Today marked the last day of the incredible writing workshops I’ve been a part of with many talented writers at Falmouth University. The writing workshops were taught by the fabulous Emily Barr, who is a bestselling (and very skilled) thriller novelist.
Even more exciting, she has a new YA book coming out early next year which is published by none other than Penguin, so watch this space!
These workshops have been amazing and a real gift to be a part of. I’ve learnt so much, from writing about sense of place through to writing about characters with amnesia and how to deal with that. Emily was also kind enough to bring her husband – also a writer! – to these workshops and having him there too was a huge insight into the children’s publishing world, as he’s also a children’s writer.
The workshops were held over a period of five or six weeks and, inbetween this, I was lucky enough to have two focused individual sessions with Emily, where we talked about novel writing, what it’s like to be signed by a top publisher like Penguin and copy edits. What was even cooler was how she persuaded me to bite the bullet and follow my own writing dream, which is to travel out to Texas and do some research on the novel I’m writing – a YA novel set against the backdrops of the rural South.
I’m planning to go during Easter break but if that doesn’t happen then there’s always the summer. I’ve already saved up some money for the trip (I have been saving since the first year of my undergraduate degree: that’s three years). I just need to take someone with me, if only to make sure I come home and don’t run off with a cowboy, which is an actual true danger.
These writing workshops have made my writing stronger, they’ve made me listen to other people’s writing with more precision and clarity, and to be more confident about reading my work aloud. I always struggled with this before, so it’s great to have a balance between reading your work on the page and reading it out loud to other people.
To be a part of such a great writing community every single week has been really special and I wouldn’t trade it for the world. I’m sad that it’s over but feel so lucky to have been a part of it all. But it’s not over yet! We have one more last personal session with her on Wednesday and I’m excited about this. Afterwards, we’re all meeting for drinks, so now I guess I can say I’ve shared a few drinks with Emily Barr! Yay!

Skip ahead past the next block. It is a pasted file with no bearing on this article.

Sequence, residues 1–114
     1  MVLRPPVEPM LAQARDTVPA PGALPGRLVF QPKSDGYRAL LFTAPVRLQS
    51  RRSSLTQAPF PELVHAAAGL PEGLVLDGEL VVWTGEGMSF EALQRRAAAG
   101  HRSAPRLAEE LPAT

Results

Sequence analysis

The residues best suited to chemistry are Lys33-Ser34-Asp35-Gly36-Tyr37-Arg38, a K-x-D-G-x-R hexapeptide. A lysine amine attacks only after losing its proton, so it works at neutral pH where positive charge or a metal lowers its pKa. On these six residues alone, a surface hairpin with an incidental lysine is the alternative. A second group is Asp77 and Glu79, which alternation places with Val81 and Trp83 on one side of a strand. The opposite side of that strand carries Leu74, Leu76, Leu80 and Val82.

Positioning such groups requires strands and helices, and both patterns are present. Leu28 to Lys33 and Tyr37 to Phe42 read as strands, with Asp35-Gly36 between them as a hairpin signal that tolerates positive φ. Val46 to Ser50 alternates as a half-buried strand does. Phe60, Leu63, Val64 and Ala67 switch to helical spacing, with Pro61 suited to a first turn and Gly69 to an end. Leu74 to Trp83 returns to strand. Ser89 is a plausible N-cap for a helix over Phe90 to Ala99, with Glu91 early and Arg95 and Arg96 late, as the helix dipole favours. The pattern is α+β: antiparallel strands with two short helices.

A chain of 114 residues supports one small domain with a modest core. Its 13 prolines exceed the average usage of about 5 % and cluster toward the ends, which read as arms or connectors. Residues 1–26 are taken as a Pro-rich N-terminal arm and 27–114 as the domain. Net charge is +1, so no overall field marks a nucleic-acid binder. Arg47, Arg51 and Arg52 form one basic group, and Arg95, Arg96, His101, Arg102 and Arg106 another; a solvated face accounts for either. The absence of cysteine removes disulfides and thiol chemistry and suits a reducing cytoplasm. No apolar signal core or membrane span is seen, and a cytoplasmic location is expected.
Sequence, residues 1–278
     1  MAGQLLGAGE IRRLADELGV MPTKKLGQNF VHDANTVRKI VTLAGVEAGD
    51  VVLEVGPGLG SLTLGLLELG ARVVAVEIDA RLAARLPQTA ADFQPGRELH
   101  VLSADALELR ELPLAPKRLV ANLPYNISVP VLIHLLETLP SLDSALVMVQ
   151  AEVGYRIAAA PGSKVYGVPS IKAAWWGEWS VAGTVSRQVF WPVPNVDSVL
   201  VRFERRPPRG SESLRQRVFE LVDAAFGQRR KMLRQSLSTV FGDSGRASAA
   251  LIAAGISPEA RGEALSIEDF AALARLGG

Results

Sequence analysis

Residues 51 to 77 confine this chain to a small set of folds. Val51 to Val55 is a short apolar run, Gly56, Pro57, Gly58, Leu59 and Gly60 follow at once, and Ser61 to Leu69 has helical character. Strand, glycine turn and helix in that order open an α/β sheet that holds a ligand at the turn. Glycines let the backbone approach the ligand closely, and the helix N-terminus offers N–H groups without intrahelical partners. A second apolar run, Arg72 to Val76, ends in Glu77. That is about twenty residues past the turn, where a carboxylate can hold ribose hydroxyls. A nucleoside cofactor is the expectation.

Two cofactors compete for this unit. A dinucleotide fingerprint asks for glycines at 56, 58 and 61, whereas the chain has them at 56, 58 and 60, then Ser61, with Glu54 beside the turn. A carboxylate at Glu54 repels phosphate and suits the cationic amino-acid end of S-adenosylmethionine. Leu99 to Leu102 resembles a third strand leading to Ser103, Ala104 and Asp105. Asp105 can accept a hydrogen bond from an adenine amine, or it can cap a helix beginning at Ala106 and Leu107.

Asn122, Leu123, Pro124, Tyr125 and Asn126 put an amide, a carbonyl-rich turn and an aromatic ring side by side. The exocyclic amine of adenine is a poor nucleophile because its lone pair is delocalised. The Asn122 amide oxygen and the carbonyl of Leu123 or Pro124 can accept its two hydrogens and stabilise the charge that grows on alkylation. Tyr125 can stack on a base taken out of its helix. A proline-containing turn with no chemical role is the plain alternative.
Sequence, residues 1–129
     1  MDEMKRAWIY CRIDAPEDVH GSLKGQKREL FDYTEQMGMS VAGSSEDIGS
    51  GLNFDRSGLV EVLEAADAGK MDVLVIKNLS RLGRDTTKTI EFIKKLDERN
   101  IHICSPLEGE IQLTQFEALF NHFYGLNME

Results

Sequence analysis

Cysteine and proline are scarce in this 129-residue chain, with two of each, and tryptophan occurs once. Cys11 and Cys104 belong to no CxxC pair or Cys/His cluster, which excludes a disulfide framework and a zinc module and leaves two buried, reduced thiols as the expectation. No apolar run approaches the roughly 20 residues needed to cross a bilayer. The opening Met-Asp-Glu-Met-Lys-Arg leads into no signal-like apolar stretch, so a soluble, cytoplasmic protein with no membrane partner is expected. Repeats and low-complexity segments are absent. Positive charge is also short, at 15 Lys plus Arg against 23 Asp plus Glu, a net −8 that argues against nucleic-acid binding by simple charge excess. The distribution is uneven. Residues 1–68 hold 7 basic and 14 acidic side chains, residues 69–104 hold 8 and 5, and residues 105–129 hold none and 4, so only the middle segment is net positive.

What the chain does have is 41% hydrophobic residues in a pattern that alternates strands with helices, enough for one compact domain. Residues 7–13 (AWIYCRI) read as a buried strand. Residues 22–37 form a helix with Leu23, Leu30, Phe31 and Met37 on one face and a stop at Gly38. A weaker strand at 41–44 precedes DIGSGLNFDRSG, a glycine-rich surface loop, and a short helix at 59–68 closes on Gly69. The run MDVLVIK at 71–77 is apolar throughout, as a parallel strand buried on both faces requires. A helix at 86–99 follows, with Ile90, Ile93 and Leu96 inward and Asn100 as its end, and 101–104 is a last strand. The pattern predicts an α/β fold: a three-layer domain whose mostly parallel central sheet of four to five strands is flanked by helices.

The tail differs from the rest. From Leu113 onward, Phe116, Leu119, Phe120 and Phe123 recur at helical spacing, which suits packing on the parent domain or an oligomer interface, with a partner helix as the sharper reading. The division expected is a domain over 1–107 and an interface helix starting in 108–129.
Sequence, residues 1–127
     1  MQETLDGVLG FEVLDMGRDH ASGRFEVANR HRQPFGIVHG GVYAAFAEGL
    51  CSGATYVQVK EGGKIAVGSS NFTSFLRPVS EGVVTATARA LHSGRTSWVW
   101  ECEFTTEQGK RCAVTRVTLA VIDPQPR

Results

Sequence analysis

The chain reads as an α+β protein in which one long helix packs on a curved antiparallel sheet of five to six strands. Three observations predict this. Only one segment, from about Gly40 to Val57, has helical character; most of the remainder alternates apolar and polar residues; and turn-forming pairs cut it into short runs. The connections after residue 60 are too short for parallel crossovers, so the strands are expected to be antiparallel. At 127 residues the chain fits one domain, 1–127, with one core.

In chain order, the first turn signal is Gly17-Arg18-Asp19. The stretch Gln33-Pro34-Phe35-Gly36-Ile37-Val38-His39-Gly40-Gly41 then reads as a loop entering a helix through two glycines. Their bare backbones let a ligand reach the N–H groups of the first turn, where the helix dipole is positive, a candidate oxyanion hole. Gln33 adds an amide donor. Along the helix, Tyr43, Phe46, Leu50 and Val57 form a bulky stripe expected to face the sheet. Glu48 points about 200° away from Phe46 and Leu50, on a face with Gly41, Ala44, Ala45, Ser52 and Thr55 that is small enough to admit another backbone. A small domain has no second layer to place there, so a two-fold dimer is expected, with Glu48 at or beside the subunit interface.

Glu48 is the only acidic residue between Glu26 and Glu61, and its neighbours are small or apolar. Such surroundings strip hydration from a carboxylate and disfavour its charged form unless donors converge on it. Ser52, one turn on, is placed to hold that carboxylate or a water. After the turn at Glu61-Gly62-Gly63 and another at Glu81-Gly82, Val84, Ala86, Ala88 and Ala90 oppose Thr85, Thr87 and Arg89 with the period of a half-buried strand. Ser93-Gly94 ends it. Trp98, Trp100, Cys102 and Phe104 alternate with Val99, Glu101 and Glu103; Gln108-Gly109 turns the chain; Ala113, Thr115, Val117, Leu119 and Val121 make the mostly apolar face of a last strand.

But, seriously, it’s been so wonderful. Even better, I feel like I’ve made some new friends as a result of this great workshop and gotten some awesome new skills!
One day I will write a novel and one day I will be working in a publishing house. It doesn’t even have to be for very long. I’d love to work for Bloomsbury, the home for many fantastic authors and the publishing company which signed J.K Rowling. These are my dreams, and I want so very much for them to come true.
I think novels are beautiful, regardless of which genre they’re in, because if they can make you feel something then they’re beautiful. I love the way they can just fold together, making you smile or laugh or just simply feel like you’re a part of something. I would list it as being one of the most important feelings in the world, right up there with your first kiss and the first time you buy a drink from a bar and you don’t get asked for I.D.
I think novel writing is beautiful and this is what I want to do. Like, desperately. I won’t stop until I’ve written the best book I can and it’s accepted by a publishing house.
I used to think my dreams were silly but when I met a real author whose roots were similar to my own and who’d graduated from my university, I started to really believe in myself. If she could do it, then why couldn’t I? The advice and things she kindly told me were incredibly helpful and I’m really fortunate to have met her. It also helped that she was so young and so very lovely. It put the faith back in me to realise that you don’t have to be over thirty to get a book deal. That author was C.J Flood, who writes YA fiction – again, something I want to do. She really opened my eyes!
I want to write novels that I would read. I want to write, full stop. The thrill of it is something I don’t want to ever go away.